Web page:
Critically, it hasn’t been a controversial movie—like, say, “Bonnie and Clyde.” Two or three reviewers greeted it with mild enthusiasm; the rest, even hard-to-please critics, were wild about it. It won five of the seven Golden Globe Awards (Best Comedy, Best Director, Best Actress in a Comedy, and Best Male and Female Newcomers), was nominated for seven Academy Awards, and won the Oscar for Best Director. It also seems to be one of those propitious works of art which support the theory that we are no longer necessarily two publics—the undiscerning and the demanding—for whom separate kinds of entertainment must be provided.
Stanley Kauffmann wrote in the , “ ‘The Graduate’ gives some substance to the contention that American films are coming of age—of our age. It was the subject of an essay question, on pre-marital sex, in a final exam at an Eastern women’s college. Its sensational profits suggest that Hollywood can have both its cake and its art.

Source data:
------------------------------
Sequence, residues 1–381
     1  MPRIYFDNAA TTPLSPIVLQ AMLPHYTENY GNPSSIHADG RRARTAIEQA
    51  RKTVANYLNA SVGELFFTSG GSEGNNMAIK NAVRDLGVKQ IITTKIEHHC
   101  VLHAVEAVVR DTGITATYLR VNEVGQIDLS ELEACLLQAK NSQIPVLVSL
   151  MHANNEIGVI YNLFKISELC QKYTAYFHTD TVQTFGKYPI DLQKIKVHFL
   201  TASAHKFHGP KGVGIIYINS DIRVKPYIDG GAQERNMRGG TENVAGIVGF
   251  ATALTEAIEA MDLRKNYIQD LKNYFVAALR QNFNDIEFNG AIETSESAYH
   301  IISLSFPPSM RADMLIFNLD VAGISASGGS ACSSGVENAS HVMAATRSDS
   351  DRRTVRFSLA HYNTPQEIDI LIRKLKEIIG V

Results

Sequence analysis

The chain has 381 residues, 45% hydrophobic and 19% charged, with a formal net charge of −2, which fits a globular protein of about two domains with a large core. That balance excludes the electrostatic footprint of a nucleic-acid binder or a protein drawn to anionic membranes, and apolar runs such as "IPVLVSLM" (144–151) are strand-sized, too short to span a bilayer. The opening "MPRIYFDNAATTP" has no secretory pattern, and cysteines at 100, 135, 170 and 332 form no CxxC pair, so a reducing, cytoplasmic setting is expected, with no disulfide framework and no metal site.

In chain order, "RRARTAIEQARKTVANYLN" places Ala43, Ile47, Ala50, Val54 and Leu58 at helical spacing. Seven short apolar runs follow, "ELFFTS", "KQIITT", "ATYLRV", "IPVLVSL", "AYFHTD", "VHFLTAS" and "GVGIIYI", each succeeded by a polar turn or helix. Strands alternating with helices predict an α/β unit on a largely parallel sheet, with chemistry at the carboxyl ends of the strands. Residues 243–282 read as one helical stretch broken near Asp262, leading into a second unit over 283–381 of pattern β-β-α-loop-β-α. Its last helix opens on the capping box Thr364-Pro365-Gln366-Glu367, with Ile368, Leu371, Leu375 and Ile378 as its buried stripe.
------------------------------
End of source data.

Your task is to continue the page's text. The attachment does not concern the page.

Benjamin, first miserable and then perfectly frantic through these stampeding events, is saved only by the arrival of Mr. R., and he becomes flustered into a hasty exit when various attendants greet him as Mr. Back in the car, Elaine asks him if he is having an affair with someone.
He acknowledges an involvement with a married woman (“with a son”) but says it is decidedly a thing of the past.
In its first six months, it grossed more than thirty-five million dollars in the nine hundred and fifty theatres—more than two million of it in New York.